I saw this sentence in a train advertisement for a job placement agency:
I don't sense a future tense at all in the independent (latter) clause because the verb is simply いる rather than a "can" form like 〜える/〜れる/〜ける。The sentence feels disjointed as the tenses don't agree.
I feel that the following sentence expresses the same thing, but with a better match between the clauses:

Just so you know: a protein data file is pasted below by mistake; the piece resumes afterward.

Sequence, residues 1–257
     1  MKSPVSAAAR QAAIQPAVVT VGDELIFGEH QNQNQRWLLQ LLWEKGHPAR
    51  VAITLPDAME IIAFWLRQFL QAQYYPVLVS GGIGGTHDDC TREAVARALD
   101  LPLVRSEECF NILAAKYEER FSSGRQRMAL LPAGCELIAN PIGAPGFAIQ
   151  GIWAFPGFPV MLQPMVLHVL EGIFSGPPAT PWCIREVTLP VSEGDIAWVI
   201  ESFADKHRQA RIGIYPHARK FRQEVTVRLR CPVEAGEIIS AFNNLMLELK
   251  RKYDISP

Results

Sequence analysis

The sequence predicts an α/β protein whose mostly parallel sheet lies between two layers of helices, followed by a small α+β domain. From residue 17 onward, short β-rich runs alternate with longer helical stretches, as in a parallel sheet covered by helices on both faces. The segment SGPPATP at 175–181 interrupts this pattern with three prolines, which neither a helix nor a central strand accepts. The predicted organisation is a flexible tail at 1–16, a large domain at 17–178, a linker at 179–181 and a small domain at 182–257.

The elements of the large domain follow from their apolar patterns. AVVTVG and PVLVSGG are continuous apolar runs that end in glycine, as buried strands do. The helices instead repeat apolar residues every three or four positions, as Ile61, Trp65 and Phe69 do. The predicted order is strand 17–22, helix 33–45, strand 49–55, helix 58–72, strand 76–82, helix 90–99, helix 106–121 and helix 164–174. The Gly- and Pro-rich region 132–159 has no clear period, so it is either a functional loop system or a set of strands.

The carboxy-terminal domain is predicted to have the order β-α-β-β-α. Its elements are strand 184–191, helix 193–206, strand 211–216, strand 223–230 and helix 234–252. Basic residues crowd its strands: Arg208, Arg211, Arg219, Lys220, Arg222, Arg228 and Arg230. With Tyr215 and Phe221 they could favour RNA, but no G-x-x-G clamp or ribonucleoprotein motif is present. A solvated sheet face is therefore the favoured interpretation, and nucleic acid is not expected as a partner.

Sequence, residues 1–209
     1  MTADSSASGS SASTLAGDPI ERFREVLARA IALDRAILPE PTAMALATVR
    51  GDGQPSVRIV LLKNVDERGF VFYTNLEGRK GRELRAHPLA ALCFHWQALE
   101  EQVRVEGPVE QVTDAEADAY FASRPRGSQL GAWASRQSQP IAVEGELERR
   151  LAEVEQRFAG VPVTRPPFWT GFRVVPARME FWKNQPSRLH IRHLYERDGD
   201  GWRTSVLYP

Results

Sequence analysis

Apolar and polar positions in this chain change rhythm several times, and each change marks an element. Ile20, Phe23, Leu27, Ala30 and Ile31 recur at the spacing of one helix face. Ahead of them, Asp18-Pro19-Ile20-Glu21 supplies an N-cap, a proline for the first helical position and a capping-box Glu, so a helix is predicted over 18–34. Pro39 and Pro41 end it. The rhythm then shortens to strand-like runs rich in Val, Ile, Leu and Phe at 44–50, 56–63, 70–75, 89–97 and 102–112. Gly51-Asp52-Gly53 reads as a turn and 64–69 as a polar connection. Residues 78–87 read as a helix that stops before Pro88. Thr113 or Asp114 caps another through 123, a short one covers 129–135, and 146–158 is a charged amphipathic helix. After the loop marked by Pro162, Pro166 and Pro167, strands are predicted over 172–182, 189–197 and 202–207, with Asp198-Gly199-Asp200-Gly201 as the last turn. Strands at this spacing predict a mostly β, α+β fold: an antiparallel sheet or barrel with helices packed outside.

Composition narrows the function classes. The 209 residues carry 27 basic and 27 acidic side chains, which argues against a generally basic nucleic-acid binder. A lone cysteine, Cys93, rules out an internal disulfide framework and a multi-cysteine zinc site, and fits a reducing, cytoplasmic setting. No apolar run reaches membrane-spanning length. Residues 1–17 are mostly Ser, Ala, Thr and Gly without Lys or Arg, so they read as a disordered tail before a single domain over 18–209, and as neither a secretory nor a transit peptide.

Translating the original sentence literally to English as:
If you don't say goodbye to the present, there is a you that you will never meet.
sounds just as wrong because of the "is". It should be "there will be a you that you never meet".
I understand きっと to mean "certainly", but does きっといる here serve as a future tense?
EDIT: Inserted missing "you" in translation from dainichi's comment. Revised title.